Heartland Landscape Painter Harold Gregor Passes Away | WGLT

Heartland Landscape Painter Harold Gregor Passes Away

Oct 8, 2018

Noted Midwestern landscape artist Harold Gregor of Bloomington has died. He was 89.

Born and raised in Detroit, Gregor worked as a clay modeler for Chrysler Motors but became known for his landscapes as he searched for something to replace abstract expressionism after a doctoral program at Ohio State University.

Harold Gregor of Bloomington exhibited in Santa Fe, New York, Chicago, and Milwaukee for decades. The Gregor Gallery and studios are in downtown Bloomington.
Credit Peoria Riverfront Museum

"And so I went back and did these kind of Winslow Homer things of sitting by the ocean in California with an easel and doing all of that. And that's what began to make me think about landscape as a major subject. And the more I knew about it, the more I became engaged," said Gregor during a 2017 interview with McLean County Arts Center Director Doug Johnson.

Gregor went on to a lengthy teaching career at several schools including Illinois State University, where he became a Distinguished Professor. He retired in 1995.

Gregor art hangs in U.S. Sen. Dick Durbin's office in Washington, and another was on the wall in the White House during the Obama presidency.

One curator called him the Dean of the Heartland School of Landscape Painters.

Gregor recalled one formative experience at Ohio State in a so-called flash lab.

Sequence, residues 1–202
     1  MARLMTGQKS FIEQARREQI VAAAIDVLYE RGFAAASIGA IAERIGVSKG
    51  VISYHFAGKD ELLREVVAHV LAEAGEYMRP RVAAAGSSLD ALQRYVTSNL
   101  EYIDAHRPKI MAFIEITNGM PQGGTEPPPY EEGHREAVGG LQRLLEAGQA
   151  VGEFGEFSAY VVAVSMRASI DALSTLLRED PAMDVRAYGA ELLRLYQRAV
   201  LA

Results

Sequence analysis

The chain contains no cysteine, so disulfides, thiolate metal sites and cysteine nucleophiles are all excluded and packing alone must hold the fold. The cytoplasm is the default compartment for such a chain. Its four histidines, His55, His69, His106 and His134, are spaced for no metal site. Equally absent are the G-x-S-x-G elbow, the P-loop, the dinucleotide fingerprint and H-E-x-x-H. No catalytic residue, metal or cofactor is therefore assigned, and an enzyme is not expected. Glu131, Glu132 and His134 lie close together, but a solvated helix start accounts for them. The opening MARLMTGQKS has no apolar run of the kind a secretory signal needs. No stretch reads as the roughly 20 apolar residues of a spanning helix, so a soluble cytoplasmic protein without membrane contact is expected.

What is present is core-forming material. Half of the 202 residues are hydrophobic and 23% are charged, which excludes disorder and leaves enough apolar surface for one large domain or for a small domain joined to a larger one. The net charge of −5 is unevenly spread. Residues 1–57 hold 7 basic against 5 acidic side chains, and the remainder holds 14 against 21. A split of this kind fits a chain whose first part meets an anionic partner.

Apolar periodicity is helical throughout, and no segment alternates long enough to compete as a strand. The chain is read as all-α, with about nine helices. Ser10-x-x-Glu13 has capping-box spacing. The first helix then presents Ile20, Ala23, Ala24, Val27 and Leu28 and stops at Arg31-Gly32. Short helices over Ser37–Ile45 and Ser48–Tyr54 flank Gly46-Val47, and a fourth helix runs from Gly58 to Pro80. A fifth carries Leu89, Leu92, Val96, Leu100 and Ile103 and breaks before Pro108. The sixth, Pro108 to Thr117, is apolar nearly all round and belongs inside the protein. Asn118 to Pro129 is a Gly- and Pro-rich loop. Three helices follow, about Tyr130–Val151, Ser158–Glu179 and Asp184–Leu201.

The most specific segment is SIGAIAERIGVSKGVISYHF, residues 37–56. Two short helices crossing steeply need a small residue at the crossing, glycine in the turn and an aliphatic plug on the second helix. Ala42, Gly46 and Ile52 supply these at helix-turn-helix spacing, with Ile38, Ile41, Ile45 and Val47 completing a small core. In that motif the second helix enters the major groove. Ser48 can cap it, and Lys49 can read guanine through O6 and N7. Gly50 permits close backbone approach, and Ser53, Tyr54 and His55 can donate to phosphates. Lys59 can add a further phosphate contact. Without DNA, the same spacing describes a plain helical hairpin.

"And they flashed a big image in front of you and you had to draw that in the darkness with chalk on big paper. And it was amazing after a while how much you could retain and how much you could get down and how much you could really feel the space. And to this day that's how I can feel it in my arms and elbows when I get it right," said Gregor in 2017.

Gregor worked in a variety of media including oil and watercolor. He was also a recipient of a lifetime achievement medal from the National Watercolor Society. His style also shifted from time to time, starting with photographic realism in the 1970s and moving to so called "flatscapes," and to some highly colored thick lined works he called vibrascapes starting in about 2005.

"I fell off a mountainside in Italy in 2004 and broke my wrist quite badly. Kind of back to basics, I did not have a right hand to paint with for about six months and painted with my left hand. I was really clumsy and poking and trying to make swirls and it wouldn't swirl. It really pushed me back to looking at things in a fundamental way which allows for big shapes. It got it back to pure patterning. So I began to push for these really vibrant landscapes that are all made up. I call them headscapes," said Gregor in a 2008 interview with GLT Arts Reporter Laura Kennedy.

Former Illinois State University Galleries Director Barry Blinderman said there are some stylistic constants in Gregor’s work, the persistence of pattern that has to do with stripes in the sky or in crop rows.

“Most people see this landscape around here as something that has to be trudged through in order to get where you are going. And Harold offers something that is an event or a destination to itself," said Blinderman, then curator of the Illinois State University Galleries, in a 2009 GLT interview.

Gregor exhibited in Santa Fe, New York, Chicago, and Milwaukee for decades. The Gregor Gallery and studios are in downtown Bloomington. Gregor and his wife Marlene have been active for decades in efforts to revitalize downtown Bloomington.

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